Similar to Moore this rank was pre-Big Ten shutdown but my concerns around the Minnesota man predated that unprecedented action. There is no questioning Bateman’s receiving skills, he has demonstrated his route running and big play ability. My concerns come around his ability to replicate that as the next level while seemingly lacking elite speed or strength. The current NFL landscape doesn’t favour and may see him picked apart during the draft process.
In the end I have concerns that his draft stock will take a hit as a result and a host of more physically talented receivers may go past him by the time we arrive in Cleveland.
5. Chris Olave
Olave is another big loser from the Big Ten fallout as he entered the season on the verge of a breakout. His sudden explosion will perfectly fit the skill set of an NFL receiver and while his size may limit his chances outside he has every chance of being a highly productive fantasy asset.
Without that breakout season it’s tough to know where his draft stock will land. I’d expect him to fall off this list once teams start playing in other conferences.
- Brevin Jordan
It’s going to be a pick your poison kind of year at Tight End. Right now I prefer the athleticism and upside of Miami’s Brevin Jordan. In truth though there isn’t much in it. His Junior season promises much and if he can add twenty catches, two hundred yards and a few touchdowns to his sophomore stat line he’ll be well placed to be TE1 in 2021.
2. Kyle Pitts
Pitts is an exciting player and will appear at the top of a lot of rankings. He had an impressive 2019 on a fairly unimpressive Gators team. If he replicates that this season there is every chance that he leaves the other tight ends in his wake when draft season roles around.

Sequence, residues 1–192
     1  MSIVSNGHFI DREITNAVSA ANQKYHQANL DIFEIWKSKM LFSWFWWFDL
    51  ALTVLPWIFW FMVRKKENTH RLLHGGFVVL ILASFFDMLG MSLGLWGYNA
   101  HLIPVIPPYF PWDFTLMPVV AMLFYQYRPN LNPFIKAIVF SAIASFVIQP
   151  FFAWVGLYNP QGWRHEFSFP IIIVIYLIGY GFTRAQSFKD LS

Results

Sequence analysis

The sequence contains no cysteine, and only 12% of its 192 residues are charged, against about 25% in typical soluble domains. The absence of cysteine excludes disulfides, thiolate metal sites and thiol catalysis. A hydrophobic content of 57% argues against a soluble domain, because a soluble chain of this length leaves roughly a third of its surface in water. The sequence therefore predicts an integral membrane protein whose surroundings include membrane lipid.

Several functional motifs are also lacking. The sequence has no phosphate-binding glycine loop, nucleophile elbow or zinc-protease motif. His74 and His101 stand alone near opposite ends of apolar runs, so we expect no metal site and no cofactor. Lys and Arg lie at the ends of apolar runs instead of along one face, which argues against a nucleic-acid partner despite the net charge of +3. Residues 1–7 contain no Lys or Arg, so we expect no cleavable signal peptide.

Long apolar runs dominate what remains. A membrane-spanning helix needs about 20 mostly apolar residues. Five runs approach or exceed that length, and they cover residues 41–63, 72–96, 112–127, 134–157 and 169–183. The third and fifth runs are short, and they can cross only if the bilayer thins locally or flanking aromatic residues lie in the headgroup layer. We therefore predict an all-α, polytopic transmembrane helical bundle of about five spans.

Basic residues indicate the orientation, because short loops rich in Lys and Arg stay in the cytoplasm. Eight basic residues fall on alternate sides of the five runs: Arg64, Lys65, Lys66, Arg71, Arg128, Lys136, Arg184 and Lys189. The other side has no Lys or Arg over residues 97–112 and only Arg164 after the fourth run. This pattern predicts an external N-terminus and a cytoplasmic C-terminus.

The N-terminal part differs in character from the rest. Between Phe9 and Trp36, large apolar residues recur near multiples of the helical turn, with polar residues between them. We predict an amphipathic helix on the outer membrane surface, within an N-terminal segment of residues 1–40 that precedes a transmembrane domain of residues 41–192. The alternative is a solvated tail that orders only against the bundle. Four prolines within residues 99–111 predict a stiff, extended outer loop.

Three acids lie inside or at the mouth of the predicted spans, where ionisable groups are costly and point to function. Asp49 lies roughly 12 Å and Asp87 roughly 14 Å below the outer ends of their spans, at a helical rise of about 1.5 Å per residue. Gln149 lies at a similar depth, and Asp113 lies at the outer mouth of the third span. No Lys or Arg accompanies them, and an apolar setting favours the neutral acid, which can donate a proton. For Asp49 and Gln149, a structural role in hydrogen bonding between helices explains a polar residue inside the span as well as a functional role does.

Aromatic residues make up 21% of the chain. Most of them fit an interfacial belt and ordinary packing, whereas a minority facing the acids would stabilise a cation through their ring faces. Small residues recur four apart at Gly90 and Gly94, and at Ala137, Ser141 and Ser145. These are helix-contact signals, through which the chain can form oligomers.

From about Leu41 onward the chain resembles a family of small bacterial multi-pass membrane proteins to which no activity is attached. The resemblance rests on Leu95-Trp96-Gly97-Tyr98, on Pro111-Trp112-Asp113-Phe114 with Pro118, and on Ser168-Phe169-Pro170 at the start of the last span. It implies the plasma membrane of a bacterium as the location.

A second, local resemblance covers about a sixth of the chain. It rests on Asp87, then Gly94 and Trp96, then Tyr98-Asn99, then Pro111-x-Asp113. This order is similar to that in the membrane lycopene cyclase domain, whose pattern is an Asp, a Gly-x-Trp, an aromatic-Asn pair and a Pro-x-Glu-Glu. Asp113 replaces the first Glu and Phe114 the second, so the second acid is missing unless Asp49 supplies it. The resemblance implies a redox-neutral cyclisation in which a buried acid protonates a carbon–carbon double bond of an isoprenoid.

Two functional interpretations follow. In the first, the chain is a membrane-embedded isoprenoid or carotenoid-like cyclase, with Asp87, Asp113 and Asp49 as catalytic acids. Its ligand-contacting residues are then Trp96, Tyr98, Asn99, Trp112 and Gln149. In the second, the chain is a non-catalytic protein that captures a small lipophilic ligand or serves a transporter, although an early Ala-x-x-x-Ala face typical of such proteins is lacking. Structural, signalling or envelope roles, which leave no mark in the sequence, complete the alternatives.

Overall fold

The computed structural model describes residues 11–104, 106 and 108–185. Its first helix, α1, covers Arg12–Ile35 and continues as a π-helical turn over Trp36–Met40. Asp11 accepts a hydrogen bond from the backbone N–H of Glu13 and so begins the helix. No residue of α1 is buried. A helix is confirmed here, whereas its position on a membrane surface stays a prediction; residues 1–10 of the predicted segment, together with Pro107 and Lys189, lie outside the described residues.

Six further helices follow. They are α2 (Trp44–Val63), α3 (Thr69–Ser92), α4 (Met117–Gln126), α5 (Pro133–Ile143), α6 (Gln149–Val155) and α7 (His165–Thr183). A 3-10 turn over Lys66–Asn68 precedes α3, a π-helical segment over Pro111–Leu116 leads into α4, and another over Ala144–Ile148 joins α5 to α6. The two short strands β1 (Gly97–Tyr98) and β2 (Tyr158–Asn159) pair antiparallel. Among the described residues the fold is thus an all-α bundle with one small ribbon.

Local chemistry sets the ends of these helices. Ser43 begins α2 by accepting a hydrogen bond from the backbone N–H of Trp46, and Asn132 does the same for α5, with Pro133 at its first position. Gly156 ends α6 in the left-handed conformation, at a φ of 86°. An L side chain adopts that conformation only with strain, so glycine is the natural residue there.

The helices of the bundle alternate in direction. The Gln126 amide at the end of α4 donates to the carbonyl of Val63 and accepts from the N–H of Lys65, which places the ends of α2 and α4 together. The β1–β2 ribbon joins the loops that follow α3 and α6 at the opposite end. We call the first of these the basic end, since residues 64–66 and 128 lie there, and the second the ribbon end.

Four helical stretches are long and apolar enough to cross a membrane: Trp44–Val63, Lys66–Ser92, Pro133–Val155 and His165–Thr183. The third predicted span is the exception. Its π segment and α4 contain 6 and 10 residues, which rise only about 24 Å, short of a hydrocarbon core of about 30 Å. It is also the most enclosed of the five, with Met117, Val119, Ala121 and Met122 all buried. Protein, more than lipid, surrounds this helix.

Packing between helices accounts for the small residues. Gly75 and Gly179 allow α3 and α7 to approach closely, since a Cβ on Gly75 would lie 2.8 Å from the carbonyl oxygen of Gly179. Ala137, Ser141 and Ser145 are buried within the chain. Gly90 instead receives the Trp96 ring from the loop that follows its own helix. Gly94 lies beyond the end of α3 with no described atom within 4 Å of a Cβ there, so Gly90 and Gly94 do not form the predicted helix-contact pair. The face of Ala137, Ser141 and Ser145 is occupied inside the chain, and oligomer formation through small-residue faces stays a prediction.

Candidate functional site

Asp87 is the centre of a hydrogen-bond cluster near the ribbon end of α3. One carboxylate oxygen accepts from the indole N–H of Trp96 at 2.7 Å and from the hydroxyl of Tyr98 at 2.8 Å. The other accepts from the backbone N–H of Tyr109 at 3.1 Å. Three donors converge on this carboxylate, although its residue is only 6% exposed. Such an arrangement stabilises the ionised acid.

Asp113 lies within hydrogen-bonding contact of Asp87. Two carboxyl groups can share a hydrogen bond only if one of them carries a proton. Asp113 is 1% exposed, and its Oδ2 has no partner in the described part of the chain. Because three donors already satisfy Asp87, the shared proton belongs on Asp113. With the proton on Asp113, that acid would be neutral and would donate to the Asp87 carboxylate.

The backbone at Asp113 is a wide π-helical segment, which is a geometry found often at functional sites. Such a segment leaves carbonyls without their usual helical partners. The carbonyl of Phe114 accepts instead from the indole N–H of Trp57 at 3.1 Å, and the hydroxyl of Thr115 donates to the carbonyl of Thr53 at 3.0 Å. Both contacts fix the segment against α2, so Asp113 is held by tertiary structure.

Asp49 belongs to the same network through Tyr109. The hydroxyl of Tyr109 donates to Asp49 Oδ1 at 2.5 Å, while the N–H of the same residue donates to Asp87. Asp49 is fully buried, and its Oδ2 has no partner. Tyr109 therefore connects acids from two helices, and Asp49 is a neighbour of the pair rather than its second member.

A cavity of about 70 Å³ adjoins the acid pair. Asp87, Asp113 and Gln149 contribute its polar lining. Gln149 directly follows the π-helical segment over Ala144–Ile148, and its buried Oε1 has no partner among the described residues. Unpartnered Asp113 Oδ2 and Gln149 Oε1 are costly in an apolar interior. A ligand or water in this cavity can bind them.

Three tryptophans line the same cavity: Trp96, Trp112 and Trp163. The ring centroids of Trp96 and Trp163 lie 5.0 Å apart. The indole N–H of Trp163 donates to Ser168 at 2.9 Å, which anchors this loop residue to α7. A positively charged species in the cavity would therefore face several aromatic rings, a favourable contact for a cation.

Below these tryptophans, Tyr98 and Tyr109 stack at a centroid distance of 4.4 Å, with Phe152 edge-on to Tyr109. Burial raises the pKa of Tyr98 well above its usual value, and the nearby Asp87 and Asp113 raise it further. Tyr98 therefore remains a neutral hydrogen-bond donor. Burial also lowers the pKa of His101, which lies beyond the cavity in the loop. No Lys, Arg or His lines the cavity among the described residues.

He is, however, a pure receiving tight end. He’ll need to add some weight at the next level as right now he’ll offer little as an NFL blocker.
3. Pat Freiermuth
Penn State’s Freiermuth has probably already shown enough to be generate solid draft capital if he comes out at the end of the season. His all round game is impressive and he shows all the signs of being a consistent NFL tight end who is a weekly fantasy contributor.
That consistency though probably means he’ll fall behind Jordan and Pitts as a prospect as his upside is likely to be less than those two.
4. Jake Ferguson
Wisconsin Tight End Ferguson is a classic safety blanket player. Perfect to land in the NFL, catch a load of passes and move the chains regularly. His success with multiple Quarterbacks at Wisconsin bodes well for a lengthy NFL career.
He’ll need to improve as a blocker but there’s little reason to believe he can’t.
5. Jeremy Ruckert
Ruckert narrowly beats our Michigan’s Nick Eubanks but I could easily flip the two at some point. Paradoxically, if both don’t play this year I’ll have Eubanks higher. The Ohio State man’s lack of production is offset by his willingness to block and hints that he has more to offer as a receiver.
It’s tough to see him declaring next spring with only 15 catches and 155 yards on his resume.